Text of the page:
TAMPA BAY, Fla. (May 24, 2016) —Tampa Bay-area school districts are changing the way students are being transported to school. It may not be obvious from the outside — it’s still the same big yellow buses we expect — but the fuel that’s powering more than 170 new school buses is what’s making the difference. That fuel is propane autogas.
BlueBird Propane Vision School Bus Rousch

“We did our research. In comparison to the capital outlay and system requirements for other options, propane was by far the easiest, fastest and least expensive alternative fuel to incorporate into our operation,” said Tad Kledzik, supervisor of transportation operations for Pasco County Schools.

Since 2015, Pinellas, Polk, Pasco and Hillsborough County school districts have added propane-fueled buses into their fleets. All the buses are manufactured by Blue Bird and equipped with ROUSH CleanTech propane autogas fuel system technology.

Vehicles fueled by propane autogas emit 80 percent fewer smog-producing hydrocarbons and virtually eliminate particulate matter when compared to diesel. Pasco County Schools’ 58 Blue Bird Vision Propane school buses replaced some retiring diesel models from the early 2000s. Each year, the district’s propane-fueled fleet will emit over 72,000 fewer pounds of nitrogen oxide emissions and almost 2,000 less pounds of particulate matter compared with the replaced buses.

“School districts across the Tampa Bay Area are helping their community reduce its carbon footprint through transportation choices,” said Chris Rustman, president of Florida Transportation Systems. “School buses fueled by propane autogas meet that need by significantly lowering harmful emissions when transporting our most precious cargo.”

School buses fueled by propane autogas save money, too. Historically, propane autogas costs up to 50 percent less than diesel. That is right in line with Pinellas County Schools’ savings of about 60 percent per gallon for propane, and Pasco County Schools is saving more than 55 cents per gallon compared with diesel prices.

Less maintenance is required on propane autogas buses due to the clean-burning properties of the fuel. Engines powered by propane require less oil by volume than diesel and no additional diesel emissions fluids. The school bus fleet operators report saving both time and money due to extended service intervals for coolants and filters compared to their diesel buses.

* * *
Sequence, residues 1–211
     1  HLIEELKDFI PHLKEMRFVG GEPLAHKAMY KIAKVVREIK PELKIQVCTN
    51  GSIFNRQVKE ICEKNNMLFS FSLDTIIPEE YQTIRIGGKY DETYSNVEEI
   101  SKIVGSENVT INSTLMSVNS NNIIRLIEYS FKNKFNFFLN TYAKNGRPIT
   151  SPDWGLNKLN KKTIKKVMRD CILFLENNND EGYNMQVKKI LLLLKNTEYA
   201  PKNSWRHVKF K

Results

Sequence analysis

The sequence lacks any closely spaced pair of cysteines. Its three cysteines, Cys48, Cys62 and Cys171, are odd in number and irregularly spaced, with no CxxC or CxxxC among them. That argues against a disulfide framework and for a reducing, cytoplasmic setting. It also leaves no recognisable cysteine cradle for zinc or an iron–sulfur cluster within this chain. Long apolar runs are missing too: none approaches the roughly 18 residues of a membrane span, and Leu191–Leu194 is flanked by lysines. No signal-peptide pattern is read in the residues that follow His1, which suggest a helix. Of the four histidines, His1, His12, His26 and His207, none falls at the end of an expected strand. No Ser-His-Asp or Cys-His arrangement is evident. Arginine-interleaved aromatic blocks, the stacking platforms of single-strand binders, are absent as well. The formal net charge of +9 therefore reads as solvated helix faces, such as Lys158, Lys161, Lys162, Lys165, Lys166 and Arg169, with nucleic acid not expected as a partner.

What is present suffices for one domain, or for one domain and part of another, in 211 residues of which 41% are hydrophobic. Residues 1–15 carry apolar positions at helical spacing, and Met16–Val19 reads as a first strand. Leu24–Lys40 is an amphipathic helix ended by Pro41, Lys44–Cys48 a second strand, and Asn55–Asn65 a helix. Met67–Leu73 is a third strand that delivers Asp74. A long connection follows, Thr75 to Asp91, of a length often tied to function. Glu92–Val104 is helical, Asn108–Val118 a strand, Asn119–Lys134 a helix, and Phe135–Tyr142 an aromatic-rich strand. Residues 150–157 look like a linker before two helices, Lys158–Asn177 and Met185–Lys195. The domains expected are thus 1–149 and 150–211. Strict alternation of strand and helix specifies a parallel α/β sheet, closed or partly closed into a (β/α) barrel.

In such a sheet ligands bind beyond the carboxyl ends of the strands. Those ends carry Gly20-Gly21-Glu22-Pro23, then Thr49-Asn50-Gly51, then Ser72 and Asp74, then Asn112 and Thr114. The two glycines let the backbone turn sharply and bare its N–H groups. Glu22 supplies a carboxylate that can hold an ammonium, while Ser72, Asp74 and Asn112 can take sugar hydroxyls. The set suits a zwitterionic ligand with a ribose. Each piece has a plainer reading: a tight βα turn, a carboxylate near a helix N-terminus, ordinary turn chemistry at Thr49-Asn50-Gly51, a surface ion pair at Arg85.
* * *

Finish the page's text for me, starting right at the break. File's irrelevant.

The alternative fuel buses also are quieter. Buses fueled by propane autogas reduce noise levels by about half compared to a diesel engine. Being able to clearly hear those on board rather than diesel noise while the bus is in motion is a huge safety advantage for both the passengers and drivers. “Our bus drivers have been very happy with the five propane-powered buses in our fleet,” said Scott Reeves, senior coordinator of Polk County Public Schools. “They like that the buses are much quieter than diesel and some have said that they would be willing to change routes to avoid going back to a diesel bus.”

Although there are dozens of public propane stations in the area, some of the school districts chose to install on-site fueling stations due to the convenience and low cost. Installing propane autogas fueling infrastructure costs less than any other transportation energy source — conventional or alternative. And, at approximately 8 to 10 gallons per minute, propane autogas refueling is comparable to gasoline and diesel fueling.

James Beekman, general manager of transportation for Hillsborough County Public Schools, says the district has its propane provider supply mobile on-site fueling, or wet hosing, for its fleet of 50 propane buses that went into operation in January. “We chose extended range tanks for our Blue Bird Vision propane buses to help with distance,” said Beekman.

“And, we can fuel the buses as needed, not necessarily every day.”

Polk school district takes advantage of the propane fuel station at the local sheriff’s department, while Pinellas and Pasco County Schools installed private fuel stations. Pasco school district has two stations; one with a 3,000-gallon tank and the other holds 3,600 gallons. And, Pinellas school district installed an on-site fuel station with 18,000-gallon tank that opened in January.

“By 2017, we plan to add 40 more propane buses to our current fleet of 58,” said Rick McBride, director of transportation for Pinellas County Schools. “The goal is to have all-propane fleets at the smaller compounds with fueling infrastructure to support them.”